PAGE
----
- Did I have faith that one is enough?
- Did I have faith to deal with the rude comments and judgmental people I am sure to encounter?
- Did I have faith that Caroline could have a happy childhood as an only child?
- Did I have faith that God would provide Caroline with the circle of loved ones she will need as an adult given that she will have no siblings and that she has older parents and grandparents?
- Did I have faith to trust that even if God chose to take our only child that we would be ok?
- Did I have faith that we would be cared for in our old age and that the burden would not be too much for Caroline?
I also struggled with thoughts such as:
- Was I morally obligated to have another child for Caroline.s sake? To continue trying?
- Am I a bad Christian for being happy about having only one child?
I went through all the typical only child questions. But in the end I knew that siblings don’t guarantee happiness or even relationships. (I’m sure there are plenty of people who read here who can testify to the fact that having siblings doesn’t mean diddly squat in terms of guaranteeing happy adult relationships.) I also knew that an only child doesn’t have to grow up selfish and spoiled. If the child is selfish and spoiled, it is because he/she has stupid parents, not because there is something inherently wrong in an only child.
Militant Quiverfull Teachings
There are several things about the militant quiverfull folks that drive me batty. And by militant I mean the people who think it is always wrong to not trust God with the size and timing of your family. I know there are people who would call themselves quiverfull who are not like that. And that’s great. I think it is great that God has given some couples the ability and desire to have large families. But He doesn’t give that to everyone, no matter what people say. But there is a vocal contingent in the quiverfull movement who make my blood boil when I read some of the stuff that they write.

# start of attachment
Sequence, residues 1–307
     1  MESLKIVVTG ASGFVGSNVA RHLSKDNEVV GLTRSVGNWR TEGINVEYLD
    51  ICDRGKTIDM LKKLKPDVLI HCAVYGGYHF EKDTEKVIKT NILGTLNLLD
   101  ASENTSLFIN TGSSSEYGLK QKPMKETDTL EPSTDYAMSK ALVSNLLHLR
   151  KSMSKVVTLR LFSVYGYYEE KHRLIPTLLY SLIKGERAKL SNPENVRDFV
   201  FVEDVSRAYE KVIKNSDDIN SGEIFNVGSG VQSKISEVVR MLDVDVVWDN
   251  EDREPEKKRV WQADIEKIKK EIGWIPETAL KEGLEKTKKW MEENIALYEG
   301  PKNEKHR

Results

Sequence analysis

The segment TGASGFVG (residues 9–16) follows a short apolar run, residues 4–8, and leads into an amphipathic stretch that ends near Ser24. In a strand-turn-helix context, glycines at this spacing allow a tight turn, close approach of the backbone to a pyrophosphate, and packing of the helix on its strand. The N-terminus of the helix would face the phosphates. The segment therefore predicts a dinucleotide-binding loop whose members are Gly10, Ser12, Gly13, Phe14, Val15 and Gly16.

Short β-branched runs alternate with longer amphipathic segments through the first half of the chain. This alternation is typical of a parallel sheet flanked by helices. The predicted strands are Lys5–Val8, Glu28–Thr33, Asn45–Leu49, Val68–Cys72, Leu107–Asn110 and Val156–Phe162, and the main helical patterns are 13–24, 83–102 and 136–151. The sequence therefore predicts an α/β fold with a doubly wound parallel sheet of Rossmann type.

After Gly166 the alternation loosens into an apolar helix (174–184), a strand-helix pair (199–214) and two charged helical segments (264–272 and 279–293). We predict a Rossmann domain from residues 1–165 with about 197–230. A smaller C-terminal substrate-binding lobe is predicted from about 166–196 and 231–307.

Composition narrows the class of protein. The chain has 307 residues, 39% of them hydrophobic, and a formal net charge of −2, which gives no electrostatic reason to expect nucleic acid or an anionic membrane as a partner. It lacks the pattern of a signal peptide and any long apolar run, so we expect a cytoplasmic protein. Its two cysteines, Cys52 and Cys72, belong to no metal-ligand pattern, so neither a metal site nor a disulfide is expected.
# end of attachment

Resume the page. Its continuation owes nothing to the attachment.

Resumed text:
Some of the ideas they perpetuate? I don’t buy the reasoning that having a large family is the best way to impact our culture for Christ. Yes, it is a way, but not the best way or even the most expedient way. I’ve grown weary of the stories that women write that imply if you aren’t willing to risk death to keep having children, you are a wicked woman who lacks faith. Women write stories online and in magazines about how their doctor advised them not to have any more children because it would kill them, but they kept right on having them. Well, we’ll never know if God blessed them because of their faith or in spite of it, but to make risking death the mark of a godly Christian mother irritates and offends me to no end.
I also take exception to the idea being promoted that having children is the primary means of sanctification. It is A MEANS of sanctification for those who have them. And it may be the primary means for some people. But if it is the God-ordained primary means across the board, then single folks and couples who are unable to have children must be second class citizens of the Kingdom and are at a disadvantage when it comes to their sanctification. Hogwash. God can sanctify people with or without children. As someone who was single for a long time and then childless for a long time, I can testify that God had plenty of other means for working on my sanctification! 😀
So, that is how we arrived here. It’s funny. In some ways I should have seen this coming years ago and maybe I did. I never saw myself going through childbirth. It is almost like I intuitively knew that I would never experience it. I also never desired to have a lot of children even though I was willing to do so if that was the calling God had for me. Given my personality (as well as David’s), one is perfect. I think I’ve known that for a long time as well, but felt compelled to be open to whatever God might have for us. I don’t regret the choices we’ve made, especially in being open to having children for most of our marriage. We don’t have to look back and wonder if we made a mistake in putting off having children for so long. We were willing, but God had His own timing.
And I think that having gone through such a long period of childlessness made us more confident of our decision to be content with one. There is so much pressure on Christian women today in these areas and such guilt heaped upon women who truly love the Lord that I really believe that women need to come forward and share a different perspective. Despite what is being taught hammered in some circles, it is not God’s will for every family to have a dozen children, or ten, or six or even two. Couples make difficult choices – in faith – whether we understand all that goes into those choices or not. I hope that many women will find freedom from guilt and pressure by reading this post.